Glaser R.,Millennium Wellness Center | Glaser R.,Wright State University | Dimitrakakis C.,National and Kapodistrian University of Athens | Dimitrakakis C.,U.S. National Institutes of Health | And 2 more authors.
Maturitas | Year: 2012

The purpose of this prospective pilot study was to determine the therapeutic effect of continuous testosterone, delivered as a subcutaneous implant, on the severity of migraine headaches in pre- and post-menopausal patients. Twenty-seven women with a history of documented migraine headache were asked to rate their headache severity using a five-point scale at baseline (prior to therapy); and again, 3 months following treatment with testosterone implants. Improvement in headache severity was noted by 92% of patients and the mean level of improvement was statistically significant (3.3 on a 5 point scale). In addition, there was no difference in the level of improvement between pre- and post-menopausal cohorts. Seventy-four percent of patients reported a headache severity score of '0' (none) on testosterone implant therapy for the 3-month treatment period. Continuous testosterone was effective therapy in reducing the severity of migraine headaches in both pre- and post-menopausal women. © 2012 Elsevier Ireland Ltd. All rights reserved.


Glaser R.,Millennium Wellness Center | Glaser R.,Wright State University | Dimitrakakis C.,National and Kapodistrian University of Athens | Dimitrakakis C.,U.S. National Institutes of Health
Maturitas | Year: 2015

Testosterone (T) is the most abundant biologically active hormone in women. Androgen receptors (AR) are located throughout the body including the breast where T decreases tissue proliferation. However, T can be aromatized to estradiol (E2), which increases proliferation and hence, breast cancer (BCA) risk. Increased aromatase expression and an imbalance in the ratio of stimulatory estrogens to protective androgens impacts breast homeostasis. Recent clinical data supports a role for T in BCA prevention. Women with symptoms of hormone deficiency treated with pharmacological doses of T alone or in combination with anastrozole (A), delivered by subcutaneous implants, had a reduced incidence of BCA. In addition, T combined with A effectively treated symptoms of hormone deficiency in BCA survivors and was not associated with recurrent disease. Most notably, T + A implants placed in breast tissue surrounding malignant tumors significantly reduced BCA tumor size, further supporting T direct antiproliferative, protective and therapeutic effect. © 2015 The Authors.


Glaser R.,Millennium Wellness Center | Dimitrakakis C.,National and Kapodistrian University of Athens
Maturitas | Year: 2015

Testosterone (T) is the most abundant biologically active hormone in women. Androgen receptors (AR) are located throughout the body including the breast where T decreases tissue proliferation. However, T can be aromatized to estradiol (E2), which increases proliferation and hence, breast cancer (BCA) risk. Increased aromatase expression and an imbalance in the ratio of stimulatory estrogens to protective androgens impacts breast homeostasis. Recent clinical data supports a role for T in BCA prevention. Women with symptoms of hormone deficiency treated with pharmacological doses of T alone or in combination with anastrozole (A), delivered by subcutaneous implants, had a reduced incidence of BCA. In addition, T combined with A effectively treated symptoms of hormone deficiency in BCA survivors and was not associated with recurrent disease. Most notably, T+A implants placed in breast tissue surrounding malignant tumors significantly reduced BCA tumor size, further supporting T direct antiproliferative, protective and therapeutic effect. Copyright © 2015 The Authors. Published by Elsevier Ireland Ltd.. All rights reserved.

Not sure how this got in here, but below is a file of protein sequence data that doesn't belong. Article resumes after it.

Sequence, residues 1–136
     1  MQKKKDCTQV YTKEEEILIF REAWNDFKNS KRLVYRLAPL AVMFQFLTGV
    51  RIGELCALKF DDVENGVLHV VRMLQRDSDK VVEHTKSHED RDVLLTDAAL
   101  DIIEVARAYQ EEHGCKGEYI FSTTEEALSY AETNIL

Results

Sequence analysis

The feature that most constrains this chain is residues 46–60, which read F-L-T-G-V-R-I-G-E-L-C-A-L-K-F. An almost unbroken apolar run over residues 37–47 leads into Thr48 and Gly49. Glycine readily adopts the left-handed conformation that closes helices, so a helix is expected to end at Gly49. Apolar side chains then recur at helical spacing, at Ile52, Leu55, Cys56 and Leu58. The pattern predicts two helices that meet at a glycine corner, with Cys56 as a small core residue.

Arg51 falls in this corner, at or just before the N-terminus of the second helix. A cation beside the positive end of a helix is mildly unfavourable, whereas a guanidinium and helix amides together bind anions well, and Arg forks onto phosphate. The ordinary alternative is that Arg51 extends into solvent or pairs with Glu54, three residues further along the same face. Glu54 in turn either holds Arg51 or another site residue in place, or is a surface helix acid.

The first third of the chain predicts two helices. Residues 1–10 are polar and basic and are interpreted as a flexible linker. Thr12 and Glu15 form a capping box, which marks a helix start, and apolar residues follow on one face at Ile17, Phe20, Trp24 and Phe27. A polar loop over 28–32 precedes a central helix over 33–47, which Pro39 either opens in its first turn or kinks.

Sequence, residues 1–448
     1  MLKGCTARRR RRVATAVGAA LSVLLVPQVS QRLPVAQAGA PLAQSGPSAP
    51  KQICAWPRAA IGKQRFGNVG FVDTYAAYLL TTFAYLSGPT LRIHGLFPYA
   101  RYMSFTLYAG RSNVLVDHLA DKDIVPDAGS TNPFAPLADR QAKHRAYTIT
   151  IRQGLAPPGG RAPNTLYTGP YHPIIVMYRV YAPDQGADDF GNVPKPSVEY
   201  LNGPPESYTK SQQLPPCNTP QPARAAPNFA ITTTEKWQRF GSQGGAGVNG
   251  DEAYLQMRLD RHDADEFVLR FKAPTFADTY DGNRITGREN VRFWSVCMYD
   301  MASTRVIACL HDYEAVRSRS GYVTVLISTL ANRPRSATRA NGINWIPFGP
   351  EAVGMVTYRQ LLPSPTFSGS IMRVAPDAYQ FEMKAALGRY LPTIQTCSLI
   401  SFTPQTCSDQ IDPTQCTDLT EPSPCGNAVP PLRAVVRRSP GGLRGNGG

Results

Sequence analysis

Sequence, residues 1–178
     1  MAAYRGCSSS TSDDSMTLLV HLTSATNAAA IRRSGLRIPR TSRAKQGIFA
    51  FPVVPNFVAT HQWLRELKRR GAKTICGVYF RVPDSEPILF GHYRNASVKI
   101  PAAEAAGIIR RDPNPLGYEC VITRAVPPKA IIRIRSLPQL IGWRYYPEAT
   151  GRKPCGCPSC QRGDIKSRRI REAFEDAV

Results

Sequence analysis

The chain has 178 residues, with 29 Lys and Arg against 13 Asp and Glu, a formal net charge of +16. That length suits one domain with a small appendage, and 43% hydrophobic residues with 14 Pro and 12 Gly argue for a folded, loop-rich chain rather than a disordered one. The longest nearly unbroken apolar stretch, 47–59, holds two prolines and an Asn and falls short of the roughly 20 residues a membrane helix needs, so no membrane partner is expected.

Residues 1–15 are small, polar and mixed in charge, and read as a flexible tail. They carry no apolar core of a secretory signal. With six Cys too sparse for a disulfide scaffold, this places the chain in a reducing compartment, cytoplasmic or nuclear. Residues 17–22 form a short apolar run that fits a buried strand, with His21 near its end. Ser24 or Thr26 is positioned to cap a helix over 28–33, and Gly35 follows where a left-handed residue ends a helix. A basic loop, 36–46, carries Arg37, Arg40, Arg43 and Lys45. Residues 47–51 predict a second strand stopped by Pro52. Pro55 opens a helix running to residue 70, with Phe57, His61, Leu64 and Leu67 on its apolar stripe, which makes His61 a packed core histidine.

PubMed | Millennium Wellness Center
Type: Journal Article | Journal: Maturitas | Year: 2013

The objectives of this study were to determine therapeutic serum testosterone (T) levels/ranges and inter-individual variance in women treated with subcutaneous T implants.In study group 1, T levels were measured at two separate time intervals in pre- and post-menopausal women treated with subcutaneous T for symptoms of androgen deficiency: (i) four weeks after pellet insertion, and (ii) when symptoms of androgen deficiency returned. In a separate pharmacokinetic study (study group 2), 12 previously untreated postmenopausal women each received a 100mg T implant. Serum T levels were measured at baseline, 4 weeks and 16 weeks following T pellet implantation. In study group 3, serial T levels were measured throughout a 26 h period in a treated patient.In study group 1, serum T levels measured at week 4 (299.36107.34 ng/dl, n=154), and when symptoms returned (171.4373.01 ng/dl, n=261), were several-fold higher compared to levels of endogenous T. There was significant inter-individual variance in T levels at week 4 (CV 35.9%) and when symptoms returned (CV 42.6%). Even with identical dosing (study group 2), there was significant inter-individual variance in T levels at week 4 (CV 41.9%) and week 16 (CV 41.6%). In addition, there was significant intra-individual circadian variation (CV 25%).Pharmacologic dosing of subcutaneous T, as evidenced by serum levels on therapy, is needed to produce a physiologic effect in female patients. Safety, tolerability and clinical response should guide therapy rather than a single T measurement, which is extremely variable and inherently unreliable.